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Welcoming a New Class of Freshman Students
Founded in 1848, Ole Miss is the state’s flagship public research university, offering nearly 200 degree programs across a broad spectrum of fields. Each year, we open our doors to a class of motivated individuals with a strong record of accomplishments, eager to embrace the next stage in their educational journey. Prepared to influence while absorbing as much new information as possible, our freshmen classes include multiple valedictorians, salutatorians, and high school class presidents.
Your freshman year represents a transition, and Ole Miss is ready to guide you toward your future:
- Our range of academic programs aligns with a range of interests and strengths. Biology, accounting, digital communications, media, finance, and psychology remain some of our most popular majors, but even if you start with general education, our Undergraduate Program Listing can point you in the right direction.
- Get the support you need to succeed, with a 16:1 student-to-faculty ratio and passionate instructors ready to connect you with enriching opportunities in and outside of the classroom.
- Flourish on a campus named one of the most beautiful in the nation, home to dynamic Greek and athletic cultures and surrounded by Oxford’s music scene and literary history.
- Access a first-rate education at an affordable price, whether you’re in Mississippi and looking to attend college close to home or out of state and seeking a school that challenges your academic drive.
Learn more about all Ole Miss has to offer undergraduate students.
See yourself attending Ole Miss for freshman year? Read on for all first-year undergraduate requirements, and learn more about how we evaluate incoming freshmen.
Freshman Admission Requirements
For entering freshmen, admission is based on:
- the submission of an application (the university’s application or the Common Application);
- completion of the required units of the Mississippi College Preparatory Curriculum (CPC); and
- high school core grade point average and either an ACT or SAT test score.
Students must submit a high school transcript reflecting satisfactory completion of the following CPC. Standardized test results (ACT or SAT) should be sent directly from the testing agency.
For the 2023-2024 academic year, the university will accept super scores (highest subject tests from ACT/SAT when scores from multiple test dates are submitted) for admission. Subject test scores must be from the same exam type (ACT or SAT) to create a super score.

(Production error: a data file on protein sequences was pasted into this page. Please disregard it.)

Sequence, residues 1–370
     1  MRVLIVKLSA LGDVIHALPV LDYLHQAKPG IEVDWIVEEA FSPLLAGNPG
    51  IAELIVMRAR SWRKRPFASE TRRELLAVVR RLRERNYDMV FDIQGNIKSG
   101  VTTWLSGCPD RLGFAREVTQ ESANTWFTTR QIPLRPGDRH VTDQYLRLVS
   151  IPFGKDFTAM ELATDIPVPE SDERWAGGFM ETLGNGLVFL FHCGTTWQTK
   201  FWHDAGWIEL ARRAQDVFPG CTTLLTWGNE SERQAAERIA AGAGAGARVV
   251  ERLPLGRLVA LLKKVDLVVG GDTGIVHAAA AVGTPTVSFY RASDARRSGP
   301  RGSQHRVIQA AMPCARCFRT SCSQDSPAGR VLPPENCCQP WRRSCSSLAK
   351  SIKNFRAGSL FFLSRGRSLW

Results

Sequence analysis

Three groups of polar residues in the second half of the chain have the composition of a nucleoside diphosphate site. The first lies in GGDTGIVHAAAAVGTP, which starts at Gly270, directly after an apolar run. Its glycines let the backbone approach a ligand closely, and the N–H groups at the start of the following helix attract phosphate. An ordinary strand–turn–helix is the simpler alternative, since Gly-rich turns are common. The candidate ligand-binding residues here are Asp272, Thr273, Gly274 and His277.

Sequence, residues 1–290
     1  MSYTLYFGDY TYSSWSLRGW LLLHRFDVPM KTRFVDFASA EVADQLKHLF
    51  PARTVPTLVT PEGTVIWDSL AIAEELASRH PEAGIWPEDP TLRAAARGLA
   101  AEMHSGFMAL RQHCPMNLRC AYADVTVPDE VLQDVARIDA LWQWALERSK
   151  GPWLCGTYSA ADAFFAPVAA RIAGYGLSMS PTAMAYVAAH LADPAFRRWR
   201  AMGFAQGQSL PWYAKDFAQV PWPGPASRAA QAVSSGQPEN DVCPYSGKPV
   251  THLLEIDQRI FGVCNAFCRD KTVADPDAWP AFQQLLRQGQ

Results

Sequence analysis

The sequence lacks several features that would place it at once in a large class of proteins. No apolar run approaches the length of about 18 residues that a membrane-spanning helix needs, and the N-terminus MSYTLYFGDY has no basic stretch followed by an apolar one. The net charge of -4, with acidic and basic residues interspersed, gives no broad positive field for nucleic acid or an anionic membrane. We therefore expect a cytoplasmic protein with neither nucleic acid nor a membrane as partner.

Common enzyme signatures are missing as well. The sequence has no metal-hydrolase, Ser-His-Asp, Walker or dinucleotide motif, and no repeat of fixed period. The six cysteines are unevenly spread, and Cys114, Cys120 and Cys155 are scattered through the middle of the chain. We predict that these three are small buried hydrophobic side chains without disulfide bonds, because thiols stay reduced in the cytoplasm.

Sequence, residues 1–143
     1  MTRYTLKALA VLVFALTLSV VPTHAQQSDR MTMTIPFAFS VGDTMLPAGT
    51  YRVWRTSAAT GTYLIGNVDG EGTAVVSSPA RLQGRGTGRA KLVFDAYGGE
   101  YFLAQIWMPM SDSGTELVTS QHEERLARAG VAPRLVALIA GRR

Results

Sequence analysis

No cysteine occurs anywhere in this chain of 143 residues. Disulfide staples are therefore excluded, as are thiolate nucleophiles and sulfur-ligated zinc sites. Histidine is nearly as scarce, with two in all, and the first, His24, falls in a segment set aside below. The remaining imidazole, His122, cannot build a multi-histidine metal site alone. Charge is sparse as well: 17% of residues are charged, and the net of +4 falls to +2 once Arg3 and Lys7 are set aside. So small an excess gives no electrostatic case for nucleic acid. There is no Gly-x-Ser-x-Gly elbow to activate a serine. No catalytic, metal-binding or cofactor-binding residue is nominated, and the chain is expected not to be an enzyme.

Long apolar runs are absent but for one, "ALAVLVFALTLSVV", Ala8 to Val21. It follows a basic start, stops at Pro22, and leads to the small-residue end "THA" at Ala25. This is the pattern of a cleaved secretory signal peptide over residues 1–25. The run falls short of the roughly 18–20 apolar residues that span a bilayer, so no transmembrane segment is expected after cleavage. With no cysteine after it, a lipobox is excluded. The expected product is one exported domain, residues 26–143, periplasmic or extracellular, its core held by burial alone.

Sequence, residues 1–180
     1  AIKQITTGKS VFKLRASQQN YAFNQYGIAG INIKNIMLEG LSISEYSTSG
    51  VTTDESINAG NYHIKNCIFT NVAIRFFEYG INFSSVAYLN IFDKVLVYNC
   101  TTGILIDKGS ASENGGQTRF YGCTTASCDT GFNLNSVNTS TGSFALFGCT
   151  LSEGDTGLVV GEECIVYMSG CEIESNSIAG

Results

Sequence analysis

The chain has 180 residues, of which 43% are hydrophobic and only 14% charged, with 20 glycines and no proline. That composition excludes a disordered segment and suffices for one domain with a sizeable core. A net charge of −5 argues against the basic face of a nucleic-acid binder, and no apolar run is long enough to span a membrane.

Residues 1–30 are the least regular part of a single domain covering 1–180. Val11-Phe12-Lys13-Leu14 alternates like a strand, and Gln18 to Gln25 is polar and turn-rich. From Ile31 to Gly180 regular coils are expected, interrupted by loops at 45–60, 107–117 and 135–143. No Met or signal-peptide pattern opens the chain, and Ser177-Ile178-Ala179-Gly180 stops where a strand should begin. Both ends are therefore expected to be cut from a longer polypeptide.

Mississippi residents are admitted based on meeting one of the following criteria:
- Completing the College Preparatory Curriculum (CPC) with a minimum 3.20 high school GPA.
- Completing the CPC with a minimum 2.50 high school GPA on the CPC and a minimum score of 16 on the composite ACT (or 770 on the old SAT critical reading/mathematics or 880 on the new SAT).
- Completing the CPC with a class rank in the top 50 percent and a minimum score of 16 on the composite ACT (or 770 on the old SAT critical reading/mathematics or 880 on the new SAT).
- Completing the CPC with a minimum 2.00 high school GPA on the CPC and a minimum composite score of 18 on the ACT (or 860 on the old SAT critical reading/mathematics or 960 on the new SAT).
- Students entering in the 2023-2024 academic year who are unable to access an ACT or SAT exam may be admitted without a standardized test score. Students who complete the CPC with a minimum 2.0 GPA on the CPC will be evaluated for admission.*
- Meeting certification requirements for the National Collegiate Athletic Association (NCAA). This option is available to all freshman applicants.
*Although we are not requiring a standardized test score for admission for the 2023-2024 academic year, ACT/SAT scores are still very important for scholarships, some aid programs, and for academic placement.
Nonresident applicants who meet the Mississippi criteria are evaluated for admission based on the following:
- standardized test score (ACT or SAT—both are acceptable);
- core grade point average (GPA);
- availability of seats in the incoming class; and
- rigor of high school curriculum.
Successful candidates are encouraged to apply early, as admission is granted on a rolling basis until the university reaches capacity. It is suggested that candidates apply no later than April 1 of their senior year, for best consideration.